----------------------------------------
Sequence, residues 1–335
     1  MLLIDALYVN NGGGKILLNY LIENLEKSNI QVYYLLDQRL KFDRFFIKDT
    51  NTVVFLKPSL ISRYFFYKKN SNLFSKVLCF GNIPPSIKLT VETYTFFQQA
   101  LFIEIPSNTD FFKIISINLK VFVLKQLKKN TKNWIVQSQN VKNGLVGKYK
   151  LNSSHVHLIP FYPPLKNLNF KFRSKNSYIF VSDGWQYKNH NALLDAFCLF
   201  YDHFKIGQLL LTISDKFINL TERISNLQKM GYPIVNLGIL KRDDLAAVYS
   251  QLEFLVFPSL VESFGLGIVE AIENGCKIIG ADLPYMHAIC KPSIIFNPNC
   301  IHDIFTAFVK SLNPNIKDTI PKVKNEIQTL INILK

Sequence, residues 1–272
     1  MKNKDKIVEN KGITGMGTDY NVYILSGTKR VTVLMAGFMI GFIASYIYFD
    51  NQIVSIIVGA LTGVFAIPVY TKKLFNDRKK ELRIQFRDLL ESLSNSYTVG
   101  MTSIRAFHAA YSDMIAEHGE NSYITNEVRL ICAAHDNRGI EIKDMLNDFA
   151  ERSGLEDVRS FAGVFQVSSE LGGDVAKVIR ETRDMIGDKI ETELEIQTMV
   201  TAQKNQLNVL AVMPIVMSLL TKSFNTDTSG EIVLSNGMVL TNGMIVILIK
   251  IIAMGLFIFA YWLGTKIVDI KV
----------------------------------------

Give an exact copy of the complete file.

Sequence, residues 1–335
     1  MLLIDALYVN NGGGKILLNY LIENLEKSNI QVYYLLDQRL KFDRFFIKDT
    51  NTVVFLKPSL ISRYFFYKKN SNLFSKVLCF GNIPPSIKLT VETYTFFQQA
   101  LFIEIPSNTD FFKIISINLK VFVLKQLKKN TKNWIVQSQN VKNGLVGKYK
   151  LNSSHVHLIP FYPPLKNLNF KFRSKNSYIF VSDGWQYKNH NALLDAFCLF
   201  YDHFKIGQLL LTISDKFINL TERISNLQKM GYPIVNLGIL KRDDLAAVYS
   251  QLEFLVFPSL VESFGLGIVE AIENGCKIIG ADLPYMHAIC KPSIIFNPNC
   301  IHDIFTAFVK SLNPNIKDTI PKVKNEIQTL INILK

Sequence, residues 1–272
     1  MKNKDKIVEN KGITGMGTDY NVYILSGTKR VTVLMAGFMI GFIASYIYFD
    51  NQIVSIIVGA LTGVFAIPVY TKKLFNDRKK ELRIQFRDLL ESLSNSYTVG
   101  MTSIRAFHAA YSDMIAEHGE NSYITNEVRL ICAAHDNRGI EIKDMLNDFA
   151  ERSGLEDVRS FAGVFQVSSE LGGDVAKVIR ETRDMIGDKI ETELEIQTMV
   201  TAQKNQLNVL AVMPIVMSLL TKSFNTDTSG EIVLSNGMVL TNGMIVILIK
   251  IIAMGLFIFA YWLGTKIVDI KV